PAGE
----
18 — Methods of Cost Behavior Analysis

18 — Methods of Cost Behavior Analysis

[MUSIC] I’m Larry Walther, this is Chapter 18 of principlesofaccounting.com. In the previous module we considered
the definitions of fixed cost and variable cost. And some of the implications for a business in terms of
understanding those costs. In this module, however,
we are going to consider. How we would determine the fixed and
variable nature of cost for a particular business. In other words,
we’re going to look at cost behavior. Now, some costs are not strictly fixed or strictly variable,
they are mixed in nature. Let me illustrate the concept of a mixed
cost with a very simple and clear example. Butler’s Car Wash has a contract for its water supply that provides a flat
monthly fee of $1,000 per month. Plus $3 for each thousand
gallons of water that are used. And so if we were to look at
this in spreadsheet form. In column A I’m showing the gallons that
could be used in a particular month. Column B is the variable costs
that would be incurred, for example on row 9 we can see $2,100. That’s 700,000 gallons, so 700 times $3 or $2,100 would be the variable
cost at that level of usage. The fixed cost however is
$1000 at each level of usage. And we have our total cost,
the accumulation of columns B and C here. And I’ve also plotted that to show
the total water cost starting at $1000, even if we use 0 gallons. And then it goes up in
a linear fashion for the variable cost as the usage continues
to increase along the horizontal axis. Oftentimes, a cost is not clearly fixed or variable in nature as it was for
Butler’s Car Wash. So we may need to do an analysis
to separate the total cost into presumed fixed and
variable components. One way for
doing this is the high-low method. It involves several steps. The first of which is to find
the highest level of activity and the lowest level of activity. And identify the cost for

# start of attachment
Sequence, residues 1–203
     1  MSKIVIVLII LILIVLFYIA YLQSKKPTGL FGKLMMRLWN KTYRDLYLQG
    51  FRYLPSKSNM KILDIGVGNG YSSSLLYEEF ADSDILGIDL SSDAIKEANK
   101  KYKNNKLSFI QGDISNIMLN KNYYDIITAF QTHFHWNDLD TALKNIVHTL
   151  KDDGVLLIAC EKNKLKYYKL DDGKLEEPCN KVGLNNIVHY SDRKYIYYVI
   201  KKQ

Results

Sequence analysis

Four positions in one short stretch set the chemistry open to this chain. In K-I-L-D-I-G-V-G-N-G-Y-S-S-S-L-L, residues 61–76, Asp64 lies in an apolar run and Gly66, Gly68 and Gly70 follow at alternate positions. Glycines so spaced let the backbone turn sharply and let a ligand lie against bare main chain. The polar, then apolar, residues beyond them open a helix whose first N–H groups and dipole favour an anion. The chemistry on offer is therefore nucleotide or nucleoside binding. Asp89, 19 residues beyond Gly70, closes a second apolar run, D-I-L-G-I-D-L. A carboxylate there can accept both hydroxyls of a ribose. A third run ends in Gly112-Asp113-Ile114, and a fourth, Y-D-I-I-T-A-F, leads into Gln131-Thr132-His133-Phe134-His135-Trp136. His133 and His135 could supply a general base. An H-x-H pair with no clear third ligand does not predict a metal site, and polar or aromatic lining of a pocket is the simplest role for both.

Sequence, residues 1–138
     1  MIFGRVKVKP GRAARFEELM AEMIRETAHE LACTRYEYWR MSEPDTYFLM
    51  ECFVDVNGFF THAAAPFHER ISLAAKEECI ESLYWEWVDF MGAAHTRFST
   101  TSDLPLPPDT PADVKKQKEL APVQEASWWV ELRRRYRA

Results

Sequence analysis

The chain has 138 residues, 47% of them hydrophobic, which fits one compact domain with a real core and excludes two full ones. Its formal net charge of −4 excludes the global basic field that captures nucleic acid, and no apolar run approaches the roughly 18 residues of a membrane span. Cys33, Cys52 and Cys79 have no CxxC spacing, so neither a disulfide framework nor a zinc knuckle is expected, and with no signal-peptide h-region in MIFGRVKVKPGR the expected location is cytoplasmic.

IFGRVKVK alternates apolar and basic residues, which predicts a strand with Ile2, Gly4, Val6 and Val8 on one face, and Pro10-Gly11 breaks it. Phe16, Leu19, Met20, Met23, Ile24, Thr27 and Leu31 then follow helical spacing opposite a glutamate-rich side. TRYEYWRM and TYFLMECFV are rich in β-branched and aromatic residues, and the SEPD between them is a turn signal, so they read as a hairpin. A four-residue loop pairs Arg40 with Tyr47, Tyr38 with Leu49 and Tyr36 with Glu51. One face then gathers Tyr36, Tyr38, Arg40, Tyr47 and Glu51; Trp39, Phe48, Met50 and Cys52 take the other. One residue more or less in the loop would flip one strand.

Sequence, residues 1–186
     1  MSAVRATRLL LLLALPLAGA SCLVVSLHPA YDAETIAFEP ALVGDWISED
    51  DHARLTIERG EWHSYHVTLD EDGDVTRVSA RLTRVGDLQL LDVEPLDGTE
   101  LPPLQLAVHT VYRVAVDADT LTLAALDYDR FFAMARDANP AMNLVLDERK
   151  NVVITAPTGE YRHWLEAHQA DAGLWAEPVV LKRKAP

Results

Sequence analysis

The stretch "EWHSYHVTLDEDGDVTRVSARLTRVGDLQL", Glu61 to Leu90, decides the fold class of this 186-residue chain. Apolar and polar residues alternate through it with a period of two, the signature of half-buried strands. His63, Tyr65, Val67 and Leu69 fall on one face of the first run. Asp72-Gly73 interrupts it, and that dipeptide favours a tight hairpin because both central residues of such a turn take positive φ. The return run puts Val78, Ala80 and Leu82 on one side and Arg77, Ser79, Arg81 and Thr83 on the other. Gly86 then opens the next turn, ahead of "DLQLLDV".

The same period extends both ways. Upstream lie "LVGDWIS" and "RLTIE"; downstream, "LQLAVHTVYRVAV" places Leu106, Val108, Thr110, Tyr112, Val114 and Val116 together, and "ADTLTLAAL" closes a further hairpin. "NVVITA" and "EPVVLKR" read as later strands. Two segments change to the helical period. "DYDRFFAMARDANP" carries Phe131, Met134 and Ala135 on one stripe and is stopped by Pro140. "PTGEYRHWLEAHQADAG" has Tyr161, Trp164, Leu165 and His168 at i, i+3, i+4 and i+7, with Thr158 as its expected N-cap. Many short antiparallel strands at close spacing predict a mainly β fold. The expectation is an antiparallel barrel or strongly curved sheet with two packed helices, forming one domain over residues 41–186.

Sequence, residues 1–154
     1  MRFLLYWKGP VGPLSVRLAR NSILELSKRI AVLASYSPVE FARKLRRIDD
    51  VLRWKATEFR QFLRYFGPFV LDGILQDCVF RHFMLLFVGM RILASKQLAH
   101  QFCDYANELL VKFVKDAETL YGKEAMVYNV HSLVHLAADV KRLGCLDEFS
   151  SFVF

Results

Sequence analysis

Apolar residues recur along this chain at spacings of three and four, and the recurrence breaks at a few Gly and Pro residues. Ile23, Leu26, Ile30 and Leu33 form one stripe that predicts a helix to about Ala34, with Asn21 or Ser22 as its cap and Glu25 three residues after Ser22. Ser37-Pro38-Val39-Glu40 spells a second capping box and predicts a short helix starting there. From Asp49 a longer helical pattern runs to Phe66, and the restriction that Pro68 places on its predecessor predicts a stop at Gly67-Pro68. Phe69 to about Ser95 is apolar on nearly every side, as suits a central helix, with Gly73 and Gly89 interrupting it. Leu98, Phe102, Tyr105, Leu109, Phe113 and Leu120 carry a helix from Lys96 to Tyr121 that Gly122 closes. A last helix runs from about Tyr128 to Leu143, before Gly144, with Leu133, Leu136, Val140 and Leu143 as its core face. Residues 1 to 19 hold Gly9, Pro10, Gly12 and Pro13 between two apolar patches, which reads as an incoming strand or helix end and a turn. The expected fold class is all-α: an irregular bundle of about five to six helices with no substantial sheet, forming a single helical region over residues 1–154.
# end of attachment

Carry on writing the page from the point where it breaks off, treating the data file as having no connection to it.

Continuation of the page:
each of those levels of activity. And see what the difference is
between the high cost and low cost. And see what the difference is in
the volume between the high level and the low level. And based on that we would
calculate a variable cost per unit. In other words, we have so
much change in volume and so much change in cost that
suggests the variability rate. The remaining amount in each
case would be the fixed cost. Recognize that this method can be
very imprecise if we have outliers or rough data points. In other words, if our high
point is way out of the norm or our low point is way out of the norm. Then our calculations could be suspect. So let’s see how this would work. Here I’ve got an example. We’ve identified our usage,
our highest level was 850,000 gallons. And our lowest level was 340,000 gallons. A difference of 510,000 gallons. We compare that to our costs. The highest cost was $3,550,
the lowest cost, $2,020, a difference of $1,530. So very simply,
we’ve got a range of 510,000 gallons and a cost range of $1,530. Based on that we can calculate
a variable cost per unit of $3. So we’re adopting an assumption that
our variable cost is $3 per unit. Notice our total cost at the high level
is 3,550, and at the low level, 2,020. Of that, our variable cost would be 2,550,
that is, 850 times 3. And our low cost would be 1,020,
that is, 340 times 3. The difference of the remaining
amount is fixed cost. And it’s shown to be $1,000
in each of the two columns. So here we would have identified
a high and a low point. To discern that our fixed cost was $1,000
and our variable cost was $3 per unit. A more statistically valid method for cost behavior analysis is
the method of least squares. It’s based on regression analysis. Recognize that a straight line can be
defined by the formula Y=a + bx. Where a is the intercept which would
infer our fixed cost component. b is the slope of the line which